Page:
Unrelated to Jurisdiction – Pet. Granted

  • In re Lamar University
    • 091800241CV, 2018 WL 3911062
    • 60th District of Jefferson County
    • Per Curiam, Aug. 16, 2018
  • The real parties in interest, coaches of Lamar University’s softball team, filed a lawsuit against the University alleging a failure to follow Lamar’s policies with respect to grievances and appeals of their employment termination.
  • Real parties filed a temporary restraining order against the University to prohibit Lamar from taking any further action under Texas State University Rules and a mandatory permanent injunction to compel Lamar to follow its Human Resources policy manual.
  • Relators filed a plea to the jurisdiction, alleging that as at-will employees, the real parties had not right to a grievance or appeal of their employment termination, as well as failure to plead a valid cause of action due to the defense of sovereign immunity.
  • In response, real parties requested a continuance on the plea to the jurisdiction until they could conduct discovery and develop their case.
  • The trial court granted the TRO, and without ruling on the plea to the jurisdiction, the trial court granted the request for expedited discovery.
  • The Ninth Court held that though trial courts have discretion to permit limited discovery on jurisdictional issues, the requested discovery in this case was unrelated to the jurisdictional issue before the trial court. Thus, the trial court abused its discretion by ordering expedited discovery on matter unrelated to jurisdiction. The trial court is to vacate its order granting expedited discovery and rule on the plea to the jurisdiction.

Against the County – Reversed and Rendered

  • Jefferson County v. Jackson
    • 09-17-00197-CV, 2018 WL 3580858
    • 172nd District Court of Jefferson County
    • Justice Horton, July 26, 2018
  • Jefferson County filed a plea to the jurisdiction against an employee discrimination suit filed by Jackson. The suit included claims under the Whistleblower Act and the Texas Commission on Human Rights Act. The trial court denied the plea.
  • The Ninth Court held that despite multiple re-pleadings of various claims, Jackson failed to present any evidence that the trial court could exercise jurisdiction over her case and overcome governmental immunity. Governmental immunity protects political subdivisions of the state, including counties, from lawsuits. The Court rendered judgment granting the plea and ordered the suit dismissed with prejudice.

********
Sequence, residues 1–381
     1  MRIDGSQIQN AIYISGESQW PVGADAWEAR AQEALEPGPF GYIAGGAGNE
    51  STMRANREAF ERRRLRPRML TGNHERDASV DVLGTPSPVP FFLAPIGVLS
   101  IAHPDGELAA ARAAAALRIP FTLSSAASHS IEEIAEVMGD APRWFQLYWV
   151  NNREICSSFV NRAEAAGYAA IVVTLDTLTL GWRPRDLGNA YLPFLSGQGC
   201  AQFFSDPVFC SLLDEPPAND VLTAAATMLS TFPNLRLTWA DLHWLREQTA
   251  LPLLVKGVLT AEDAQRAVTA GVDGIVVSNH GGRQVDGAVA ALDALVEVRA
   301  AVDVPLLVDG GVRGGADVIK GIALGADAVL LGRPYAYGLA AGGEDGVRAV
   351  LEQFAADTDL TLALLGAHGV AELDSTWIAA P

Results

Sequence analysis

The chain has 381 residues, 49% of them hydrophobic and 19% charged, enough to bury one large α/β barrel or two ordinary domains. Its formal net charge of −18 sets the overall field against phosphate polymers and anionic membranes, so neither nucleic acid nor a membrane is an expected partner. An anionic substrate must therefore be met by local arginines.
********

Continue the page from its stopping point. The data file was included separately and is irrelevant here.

TTCA Notice – Reversed and Rendered

  • Texas Dep’t of Criminal Justice v. Cisneros
    • 09-17-00161-CV, 2018 WL 1095533
    • 88th District Court of Tyler County
    • Justice Kreger, Mar. 1, 2018
  • While incarcerated by the TDCJ, Cisneros suffered an injury by a woodworking saw and sued the TDCJ for negligence. In response, the TDCJ filed a plea to the jurisdiction on the basis that Cisneros failed to file a notice of his claim within statutory deadlines. Cisneros, on the other hand, argued that the TDCJ’s own incident report put the TDCJ on actual notice of the claim and formal written notice was not needed. The trial court denied  TDCJ’s plea to the jurisdiction.
  • The Ninth Court held that for TDCJ to have actual knowledge, it must have: (1) knowledge of the injury; (2) subjective awareness of it’s alleged fault producing or contributing to the injury; and (3) knowledge of the identity of the person involved.  Subjective awareness is required, the Ninth Court noted, otherwise the TDCJ does not have the same incentive to gather the information that the statute is designed to provide. The Ninth Court noted that “fault”, as regards actual notice, is not synonymous with “liability”; rather, it implies responsibility for the injury claimed.
  • In this case, the results of TDCJ’s investigation indicated that Cisneros, not TDCJ, was responsible for the accident. Therefore, the TDCJ was not shown to have subjective awareness of any fault of its own in producing Cisneros’ injuries or otherwise found to have sufficient notice.
  • The Ninth Court reversed the trial court’s order denying the plea to the jurisdiction, and rendered judgment dismissing Cisneros’ claims.